Patterns ▪ Surface Design ▪ Illustration
|Project||Repeat pattern prints for a custom seasonal apparel collection.|
|Goals||Create custom repeat patterns that translate well across garment styles and fit the hippie/boho nature of the Soul Flower brand.|
|Tools||Paper and pen, Illustrator, Photoshop|
The first time I worked on a line of printed garments, I read library books about prints in fashion. I researched repeat pattern styles and analyzed which types would work for Soul Flower silhouette styles. I made moodboards and presented my findings to the design team weekly.
The mandala print I drew was inspired by millefiori, which translates to thousand flowers. Millefiori is a glasswork or clay technique (often seen in jewelry) where many “canes” containing shapes are stacked, and then cross-cut to reveal intricate patterns. I chose this motif because its floral vibes coordinated nicely with the geometric print in the collection.
I created the repeat the old fashioned way: with paper. It works by drawing in the center, then cutting the paper in half and taping it back together with the sides swapped. Fill in the blank spaces, then cut again in half the other way, swap the sides, and tape together. In the end I had a perfect repeat pattern that was ready for scanning into the computer.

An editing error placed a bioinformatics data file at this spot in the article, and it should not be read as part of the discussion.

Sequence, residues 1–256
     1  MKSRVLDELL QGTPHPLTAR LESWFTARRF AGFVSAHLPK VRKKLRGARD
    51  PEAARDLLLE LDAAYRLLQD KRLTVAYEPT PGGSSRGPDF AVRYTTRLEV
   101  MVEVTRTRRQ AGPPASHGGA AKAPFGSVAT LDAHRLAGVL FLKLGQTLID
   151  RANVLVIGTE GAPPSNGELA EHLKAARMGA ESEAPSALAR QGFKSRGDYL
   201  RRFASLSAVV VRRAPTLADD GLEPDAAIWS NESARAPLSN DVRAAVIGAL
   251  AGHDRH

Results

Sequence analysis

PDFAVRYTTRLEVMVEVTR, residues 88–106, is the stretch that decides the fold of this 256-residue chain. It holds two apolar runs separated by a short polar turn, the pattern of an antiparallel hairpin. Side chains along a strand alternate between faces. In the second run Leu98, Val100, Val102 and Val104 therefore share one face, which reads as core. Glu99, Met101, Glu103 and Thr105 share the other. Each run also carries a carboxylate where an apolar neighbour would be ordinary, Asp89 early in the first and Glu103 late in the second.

To get the scale of the print right, I made several versions to test. I printed them on paper, and we had a few sizes proofed by the manufacturer on fabric. I considered which scales would look best across a dress, pants, mini skirt, bra, and headband; draping the proofs around my body.
I created hundreds of mockups to compare colorways and size scales. By paying close attention to every detail during this year-long project, I was able to successfully deliver hand drawn patterns that printed beautifully. The collection of 5 body styles released to wholesale and retail customers.
I followed a similar creative process for additional limited release print collections for Soul Flower.